Dolly Bright Silliman, who with her late husband, David E. Bright, helped launch the
Her death was confirmed by family friend Tony Peraino.
In 1967, two years after her husband died, Silliman donated 23 paintings by modern European and American masters. The largest single gift to the museum in the two years it had been open, the works formed the core of the museum's collection of 20th-century art.
Among the most important pieces was a rare Blue Period Picasso, "Portrait of Sebastia Juñer Vidal," painted in 1903. Other artists represented in the gift included Fernand Leger, Wassily Kandinsky, Henri Matisse,
"They bought very intelligently," Stephanie Barron, LACMA's senior curator of modern art, said of the Brights. "It was a tremendously important contribution … which in one fell swoop changed the perception of modern art for the public in Los Angeles."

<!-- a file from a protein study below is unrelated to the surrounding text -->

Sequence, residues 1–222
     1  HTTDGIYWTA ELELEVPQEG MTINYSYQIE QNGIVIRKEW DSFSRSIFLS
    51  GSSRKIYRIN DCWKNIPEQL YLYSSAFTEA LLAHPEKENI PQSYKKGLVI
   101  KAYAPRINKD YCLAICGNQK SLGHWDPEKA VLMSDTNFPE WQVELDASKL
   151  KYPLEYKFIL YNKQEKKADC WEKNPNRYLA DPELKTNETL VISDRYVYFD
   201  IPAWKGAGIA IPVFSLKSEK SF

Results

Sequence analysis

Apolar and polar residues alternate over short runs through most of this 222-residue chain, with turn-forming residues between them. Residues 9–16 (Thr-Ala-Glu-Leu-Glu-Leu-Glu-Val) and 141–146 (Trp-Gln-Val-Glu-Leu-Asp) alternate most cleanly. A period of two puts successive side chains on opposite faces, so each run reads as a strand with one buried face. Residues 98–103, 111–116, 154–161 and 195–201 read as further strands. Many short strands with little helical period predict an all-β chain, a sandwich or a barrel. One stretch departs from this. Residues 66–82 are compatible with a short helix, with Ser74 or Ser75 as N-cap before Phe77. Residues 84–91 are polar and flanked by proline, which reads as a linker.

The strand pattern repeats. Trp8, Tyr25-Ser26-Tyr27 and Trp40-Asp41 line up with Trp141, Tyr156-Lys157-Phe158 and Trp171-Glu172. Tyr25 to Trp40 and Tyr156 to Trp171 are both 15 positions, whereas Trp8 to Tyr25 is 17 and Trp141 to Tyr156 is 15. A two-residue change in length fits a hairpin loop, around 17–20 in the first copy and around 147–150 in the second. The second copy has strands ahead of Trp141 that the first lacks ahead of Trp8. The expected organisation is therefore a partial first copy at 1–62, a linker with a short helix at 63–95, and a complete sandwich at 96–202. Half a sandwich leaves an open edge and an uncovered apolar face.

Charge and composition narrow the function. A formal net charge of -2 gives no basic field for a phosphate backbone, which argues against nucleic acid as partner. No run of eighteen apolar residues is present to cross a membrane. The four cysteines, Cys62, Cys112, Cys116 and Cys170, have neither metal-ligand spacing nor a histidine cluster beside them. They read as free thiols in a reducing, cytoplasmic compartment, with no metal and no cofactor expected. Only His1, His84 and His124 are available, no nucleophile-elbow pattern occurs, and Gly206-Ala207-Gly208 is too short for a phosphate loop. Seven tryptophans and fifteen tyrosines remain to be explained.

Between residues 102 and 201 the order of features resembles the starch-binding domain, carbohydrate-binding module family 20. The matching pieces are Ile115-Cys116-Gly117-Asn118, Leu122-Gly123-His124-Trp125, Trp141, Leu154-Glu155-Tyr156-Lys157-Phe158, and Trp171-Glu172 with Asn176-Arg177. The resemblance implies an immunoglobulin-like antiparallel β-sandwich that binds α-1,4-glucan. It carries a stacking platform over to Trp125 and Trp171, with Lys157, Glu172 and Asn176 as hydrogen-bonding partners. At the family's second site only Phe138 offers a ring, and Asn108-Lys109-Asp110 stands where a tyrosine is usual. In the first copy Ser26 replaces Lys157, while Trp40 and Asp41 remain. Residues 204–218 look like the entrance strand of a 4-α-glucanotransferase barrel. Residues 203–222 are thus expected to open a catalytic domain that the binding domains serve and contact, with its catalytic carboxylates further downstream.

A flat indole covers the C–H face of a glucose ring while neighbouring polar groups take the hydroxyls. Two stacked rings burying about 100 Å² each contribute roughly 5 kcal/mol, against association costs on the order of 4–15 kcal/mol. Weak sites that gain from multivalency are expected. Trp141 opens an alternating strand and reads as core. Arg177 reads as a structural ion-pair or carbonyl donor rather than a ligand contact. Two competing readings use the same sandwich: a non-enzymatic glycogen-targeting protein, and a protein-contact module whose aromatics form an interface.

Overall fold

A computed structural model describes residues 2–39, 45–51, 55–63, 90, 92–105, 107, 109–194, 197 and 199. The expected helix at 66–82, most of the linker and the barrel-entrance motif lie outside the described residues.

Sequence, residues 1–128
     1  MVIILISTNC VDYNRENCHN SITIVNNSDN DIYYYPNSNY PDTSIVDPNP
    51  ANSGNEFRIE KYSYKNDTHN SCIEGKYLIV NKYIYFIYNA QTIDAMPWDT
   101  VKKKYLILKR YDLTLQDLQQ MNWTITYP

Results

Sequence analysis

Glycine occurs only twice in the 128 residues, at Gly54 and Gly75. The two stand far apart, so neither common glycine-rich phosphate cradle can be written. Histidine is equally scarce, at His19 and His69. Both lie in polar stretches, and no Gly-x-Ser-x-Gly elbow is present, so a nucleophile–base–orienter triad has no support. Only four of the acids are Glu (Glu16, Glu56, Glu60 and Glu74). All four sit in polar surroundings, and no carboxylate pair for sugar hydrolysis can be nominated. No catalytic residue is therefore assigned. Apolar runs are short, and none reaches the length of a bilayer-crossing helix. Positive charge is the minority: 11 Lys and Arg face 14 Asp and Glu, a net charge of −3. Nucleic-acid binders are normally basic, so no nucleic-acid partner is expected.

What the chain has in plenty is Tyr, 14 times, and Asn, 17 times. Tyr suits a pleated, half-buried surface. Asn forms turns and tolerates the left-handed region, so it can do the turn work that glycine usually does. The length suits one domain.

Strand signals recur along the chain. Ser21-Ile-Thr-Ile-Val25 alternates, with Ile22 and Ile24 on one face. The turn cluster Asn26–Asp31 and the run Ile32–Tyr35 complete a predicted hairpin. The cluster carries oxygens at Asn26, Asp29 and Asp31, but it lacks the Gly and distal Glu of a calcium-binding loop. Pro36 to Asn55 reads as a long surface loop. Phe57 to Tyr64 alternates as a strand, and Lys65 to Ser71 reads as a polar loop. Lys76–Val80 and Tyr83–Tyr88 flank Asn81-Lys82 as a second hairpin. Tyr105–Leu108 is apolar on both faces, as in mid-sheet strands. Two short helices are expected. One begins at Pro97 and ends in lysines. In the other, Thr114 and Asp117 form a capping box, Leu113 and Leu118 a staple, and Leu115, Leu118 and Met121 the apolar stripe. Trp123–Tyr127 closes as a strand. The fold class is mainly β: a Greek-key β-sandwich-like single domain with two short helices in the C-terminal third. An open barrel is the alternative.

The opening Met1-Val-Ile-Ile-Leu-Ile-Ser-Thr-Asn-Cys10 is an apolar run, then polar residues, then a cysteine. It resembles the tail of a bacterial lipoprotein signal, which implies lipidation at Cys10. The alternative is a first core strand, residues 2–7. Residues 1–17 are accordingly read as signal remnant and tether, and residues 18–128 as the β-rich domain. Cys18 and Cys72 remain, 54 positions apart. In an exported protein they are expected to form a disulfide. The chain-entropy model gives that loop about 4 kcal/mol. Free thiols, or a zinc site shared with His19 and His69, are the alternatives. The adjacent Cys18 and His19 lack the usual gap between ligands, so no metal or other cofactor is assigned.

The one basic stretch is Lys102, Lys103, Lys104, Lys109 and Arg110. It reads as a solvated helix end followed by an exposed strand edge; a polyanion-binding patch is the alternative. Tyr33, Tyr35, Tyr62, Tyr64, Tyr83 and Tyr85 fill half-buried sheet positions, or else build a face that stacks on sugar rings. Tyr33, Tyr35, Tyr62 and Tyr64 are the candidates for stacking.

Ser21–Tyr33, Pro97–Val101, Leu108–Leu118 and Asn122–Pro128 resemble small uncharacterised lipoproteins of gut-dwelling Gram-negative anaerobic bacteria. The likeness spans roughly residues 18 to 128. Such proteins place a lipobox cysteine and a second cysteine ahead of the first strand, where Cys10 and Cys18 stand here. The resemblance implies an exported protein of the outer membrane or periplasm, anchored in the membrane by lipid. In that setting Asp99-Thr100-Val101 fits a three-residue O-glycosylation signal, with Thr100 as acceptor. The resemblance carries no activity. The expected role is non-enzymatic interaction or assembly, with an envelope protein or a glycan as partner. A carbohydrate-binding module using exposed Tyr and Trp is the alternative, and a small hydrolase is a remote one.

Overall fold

Silliman also donated 11 key works to the Franklin D. Murphy Sculpture Garden at UCLA in 1967, including David Smith's "Cubi XX" and Henry Moore's "Two-Piece Reclining Figure No. 3."
The daughter of a judge, Dolly Newmire was born in Los Angeles on Oct. 28, 1914. She was a dancer who had appeared in a few
Bright, who built his fortune during World II making radio and other electronic components, founded an award for emerging artists at the Venice Biennale in the 1950s. He died of a cerebral hemorrhage in 1965 at age 57. Silliman continued to offer the prize through the late 1960s.
In 1985, she married Paul Silliman, a former actor and theater manager, who survives her along with a granddaughter, Christi Evans Lambou.
—Los Angeles Times staff writer